Last night, I had the honor of meeting Linn Duvall Harwell, the co-founder of the Clara Bell Duvall Reproductive Freedom Project of the ACLU of Pennsylvania, at an event celebrating the 30th anniversary of that organization. Linn told us stories of marching for women's rights with the National Organization for Women in Pittsburgh and being told that she and fellow marchers "should all be taken out and shot." She also reminded us of an era in which, alongside maternity wards, hospitals had separate wards dedicated to women dying from unsafe abortions. Linn founded the project because her mother, Clara Bell Duvall, died from a botched abortion, leaving behind five young children. Her words (from a speech at the 2004 March for Women's Lives) are so moving that I reprint them here as a reminder, for those of us who've never seen or imagined it, of what a world without safe abortion looked like:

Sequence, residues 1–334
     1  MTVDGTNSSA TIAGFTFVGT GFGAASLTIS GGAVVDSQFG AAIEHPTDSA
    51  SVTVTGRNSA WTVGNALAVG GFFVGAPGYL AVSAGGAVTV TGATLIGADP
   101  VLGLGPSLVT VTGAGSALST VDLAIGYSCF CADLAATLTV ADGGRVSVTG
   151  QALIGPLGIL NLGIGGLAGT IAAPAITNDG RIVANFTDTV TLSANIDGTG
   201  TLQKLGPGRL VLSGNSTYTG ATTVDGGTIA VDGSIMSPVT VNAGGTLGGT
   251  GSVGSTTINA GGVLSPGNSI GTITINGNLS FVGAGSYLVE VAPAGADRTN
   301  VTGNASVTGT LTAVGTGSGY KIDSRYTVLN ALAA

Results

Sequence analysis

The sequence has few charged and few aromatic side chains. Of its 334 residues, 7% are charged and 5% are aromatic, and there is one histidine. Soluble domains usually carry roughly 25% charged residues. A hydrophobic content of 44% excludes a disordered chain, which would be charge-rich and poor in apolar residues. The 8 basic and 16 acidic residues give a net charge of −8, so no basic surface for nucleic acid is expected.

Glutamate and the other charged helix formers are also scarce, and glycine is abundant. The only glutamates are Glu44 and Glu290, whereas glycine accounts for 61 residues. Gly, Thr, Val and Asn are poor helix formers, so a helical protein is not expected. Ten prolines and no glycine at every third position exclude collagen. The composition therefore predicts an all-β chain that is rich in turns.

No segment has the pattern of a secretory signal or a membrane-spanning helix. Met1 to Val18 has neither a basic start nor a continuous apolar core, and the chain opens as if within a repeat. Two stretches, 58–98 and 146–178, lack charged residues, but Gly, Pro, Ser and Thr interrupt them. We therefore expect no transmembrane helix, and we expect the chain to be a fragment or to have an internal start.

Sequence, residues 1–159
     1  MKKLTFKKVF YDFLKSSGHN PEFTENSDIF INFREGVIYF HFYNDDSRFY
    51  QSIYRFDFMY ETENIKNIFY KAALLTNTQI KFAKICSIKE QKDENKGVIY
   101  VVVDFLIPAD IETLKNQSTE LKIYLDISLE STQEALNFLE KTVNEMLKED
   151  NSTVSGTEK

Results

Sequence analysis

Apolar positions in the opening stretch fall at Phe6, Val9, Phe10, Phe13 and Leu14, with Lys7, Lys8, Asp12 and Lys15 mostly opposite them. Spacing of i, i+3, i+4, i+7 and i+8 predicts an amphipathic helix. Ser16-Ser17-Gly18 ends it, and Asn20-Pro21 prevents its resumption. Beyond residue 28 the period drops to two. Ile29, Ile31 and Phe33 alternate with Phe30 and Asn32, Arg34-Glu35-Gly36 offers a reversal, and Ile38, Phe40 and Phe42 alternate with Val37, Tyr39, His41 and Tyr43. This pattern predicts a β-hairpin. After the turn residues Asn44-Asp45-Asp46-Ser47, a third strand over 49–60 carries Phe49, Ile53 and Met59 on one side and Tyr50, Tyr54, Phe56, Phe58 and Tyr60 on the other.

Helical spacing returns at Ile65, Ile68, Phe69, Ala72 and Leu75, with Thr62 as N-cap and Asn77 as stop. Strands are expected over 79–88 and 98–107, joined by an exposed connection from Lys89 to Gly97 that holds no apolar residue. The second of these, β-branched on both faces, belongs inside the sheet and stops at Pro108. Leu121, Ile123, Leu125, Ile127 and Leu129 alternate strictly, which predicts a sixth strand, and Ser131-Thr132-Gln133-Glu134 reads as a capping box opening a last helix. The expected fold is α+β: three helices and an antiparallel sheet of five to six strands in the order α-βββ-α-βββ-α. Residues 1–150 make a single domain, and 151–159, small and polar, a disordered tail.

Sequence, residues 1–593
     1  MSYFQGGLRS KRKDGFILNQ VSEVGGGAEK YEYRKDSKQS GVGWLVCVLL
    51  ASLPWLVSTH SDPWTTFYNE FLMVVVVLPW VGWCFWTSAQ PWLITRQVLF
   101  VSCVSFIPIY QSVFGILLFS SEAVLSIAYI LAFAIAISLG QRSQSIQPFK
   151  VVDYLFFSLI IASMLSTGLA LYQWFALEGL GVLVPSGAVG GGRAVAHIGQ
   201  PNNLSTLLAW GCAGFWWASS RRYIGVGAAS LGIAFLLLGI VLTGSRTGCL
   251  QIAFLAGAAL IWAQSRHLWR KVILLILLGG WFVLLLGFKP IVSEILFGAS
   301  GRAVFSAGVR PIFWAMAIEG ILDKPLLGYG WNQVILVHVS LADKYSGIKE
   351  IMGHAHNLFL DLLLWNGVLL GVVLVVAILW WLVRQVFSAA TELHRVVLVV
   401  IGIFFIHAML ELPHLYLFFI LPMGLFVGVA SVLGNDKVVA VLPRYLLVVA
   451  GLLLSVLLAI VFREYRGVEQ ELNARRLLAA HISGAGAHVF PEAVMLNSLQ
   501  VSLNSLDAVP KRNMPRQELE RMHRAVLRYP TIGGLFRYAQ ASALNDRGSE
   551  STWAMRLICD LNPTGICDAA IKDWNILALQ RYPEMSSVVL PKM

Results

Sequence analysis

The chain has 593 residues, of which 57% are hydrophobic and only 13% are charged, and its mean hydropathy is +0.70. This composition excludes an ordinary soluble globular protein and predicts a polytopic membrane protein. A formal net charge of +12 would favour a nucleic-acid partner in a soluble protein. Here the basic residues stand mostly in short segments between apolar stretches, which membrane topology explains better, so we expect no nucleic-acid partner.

As [my mother] lay dying, she said to my 10-year-old sister, "You will be the mother now." And to my grandmother, "Take care of my precious." This was my 18-month-old sister. Mother died March 27, 1929, in Mercy Hospital, Pittsburgh, PA. The archives say death was from "miscarriage." This was a lie. She died from a self-induced knitting needle abortion. She was 34 years old. As we children gathered around the polished casket that held her body for the three-day Irish wake, our father said, "We must stick together now." This was not to be. We were taken to Baltimore, divided among relatives. In a few days, we lost our mother, our father, and each other. I do not remember crying tears, yet I have wept inside all my life.